talk like a person

I ran across an interesting idea about connecting online:

Curating as in “A person who manages, administers or organizes a collection, either independently or employed by a museum, library, archive or zoo”

Click on the pic above of Steve Rosenbaum to go to an article by him called "Content is no longer king"

I heard Steve Rosenbaum talking about this on a podcast from last week’s On The Media Show (link to transcript and audio).

If I understand the idea, it is that when people link and recommend articles on line, they are “curating.” This is different from finding material via search engines like Google since Google uses ‘bots and super secret formulas to rank pages on their search results (algorithms).

This strikes at the heart of one of the uses I have admired and proposed over and over for the web: connecting and learning about stuff.  Rosenbaum seems to be in touch with the idea that “monetizing” everything online drains content at some level.

Howard Reingold has been teaching how to sift through the web to the gold of actual reliable content for years (see his Crap Detector 101 article here for a taste).  He applies critical thinking in a concrete way. Reingold is the reason I began using Twitter. He defined it as the “on-going present.” I continue to use it that way.

You cannot step twice into the same river; for other waters are continually flowing in. Heraclitus

Which leads me to all sorts of random “curators” like myself who pass along ideas and links. It’s pretty easy to sift out the totally monetized tweeters not to mention the porn tweeters.  This morning I am currently following 1,098 people and organizations on Twitter.  I have made lists that allow me to further sift these people. The most important one for me is the “family” list in which I can see if people in my extended family are commenting via Twitter. But I also have lists of “good links” like Reingold, “news,” “conservatives,” “liberals,” and “church musicians.”

I “sift” the web using the techniques I have developed as a critical news reader and consumer over the years.  I see PR, propaganda, slanted reporting, partisan framing, and other methods of distortion as basically forms of dishonesty.

Faking honesty and authenticity is not that easy if one is looking for signs of commercial origins and propaganda in consumer information. It’s not that easy to “talk like a person” as the web designer advice goes when all you’re thinking of is the “golden goose” of making lots of money with the web.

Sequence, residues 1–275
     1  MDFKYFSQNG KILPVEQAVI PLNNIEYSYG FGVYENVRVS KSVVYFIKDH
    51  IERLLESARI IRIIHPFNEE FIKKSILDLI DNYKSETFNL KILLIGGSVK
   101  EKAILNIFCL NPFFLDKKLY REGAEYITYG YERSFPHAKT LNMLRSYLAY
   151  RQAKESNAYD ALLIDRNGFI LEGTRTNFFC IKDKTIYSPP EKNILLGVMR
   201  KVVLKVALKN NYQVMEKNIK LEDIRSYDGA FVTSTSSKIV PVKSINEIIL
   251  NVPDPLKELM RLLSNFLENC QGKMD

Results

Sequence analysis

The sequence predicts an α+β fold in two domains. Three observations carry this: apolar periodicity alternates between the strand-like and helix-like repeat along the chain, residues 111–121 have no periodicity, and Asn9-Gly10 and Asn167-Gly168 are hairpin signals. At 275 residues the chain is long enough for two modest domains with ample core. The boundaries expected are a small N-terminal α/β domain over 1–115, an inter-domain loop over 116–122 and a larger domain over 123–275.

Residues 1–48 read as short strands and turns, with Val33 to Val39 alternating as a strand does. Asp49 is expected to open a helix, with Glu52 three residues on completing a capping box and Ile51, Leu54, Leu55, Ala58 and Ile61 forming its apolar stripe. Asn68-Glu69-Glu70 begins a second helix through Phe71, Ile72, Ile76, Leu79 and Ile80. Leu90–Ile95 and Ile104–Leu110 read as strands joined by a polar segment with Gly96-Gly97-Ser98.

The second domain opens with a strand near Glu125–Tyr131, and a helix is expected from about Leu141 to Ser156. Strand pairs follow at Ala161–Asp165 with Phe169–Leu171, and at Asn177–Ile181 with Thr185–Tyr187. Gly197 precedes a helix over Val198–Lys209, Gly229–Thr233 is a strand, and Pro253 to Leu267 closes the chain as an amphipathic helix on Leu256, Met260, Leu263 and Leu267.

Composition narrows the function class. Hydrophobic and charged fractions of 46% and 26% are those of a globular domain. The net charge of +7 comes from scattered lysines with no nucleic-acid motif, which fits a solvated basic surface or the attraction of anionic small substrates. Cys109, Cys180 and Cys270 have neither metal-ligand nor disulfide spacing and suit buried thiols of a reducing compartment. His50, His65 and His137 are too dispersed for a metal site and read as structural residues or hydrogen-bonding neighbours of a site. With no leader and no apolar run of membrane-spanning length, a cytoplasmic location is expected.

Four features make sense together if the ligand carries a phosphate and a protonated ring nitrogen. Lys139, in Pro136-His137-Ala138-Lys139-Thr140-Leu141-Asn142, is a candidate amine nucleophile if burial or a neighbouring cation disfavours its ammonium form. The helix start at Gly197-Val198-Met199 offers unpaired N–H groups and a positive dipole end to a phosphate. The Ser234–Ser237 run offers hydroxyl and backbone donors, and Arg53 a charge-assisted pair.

I constantly detect fallacious argument technique in all areas of information dissemination including “curated” comments or even just comments from people I know and love. (once again here’s the link to a list of fallacious arguments… I continue to return to this list and it helps me think critically)

FALSE ANALOGY (apples & oranges) Description: An analogy is a partial similarity between the like features of two things or events on which a comparison can be made. A false analogy involves comparing two things that are NOT similar. Note that the two things may be similar in superficial ways, but not with respect to what is being argued.


Andy Carvin is senior strategist for NPR’s Social Media Desk. He blogs from the link above. Here’s a link to an interview with him about using Twitter to report from Libya (where no reporters are currently allowed):


Neil Postman – Bullshit and the Art of Crap-Detection « Critical Thinking Snippets

Postman died in 2003. He was an early critic of the impact of the media explosion on public rhetoric and someone I followed and read.  Ran across this article writing this post and had to bookmark it to read later


WikiLeaks Soldier Left Naked in Cell, Lawyer Says –

I think the Assange case is shaping up to be a paranoid’s dream of governments shutting down transparency.  Somebody is very pissed about WikiLeaks and is moving quickly to punish the perps. Or maybe it’s just me. heh.


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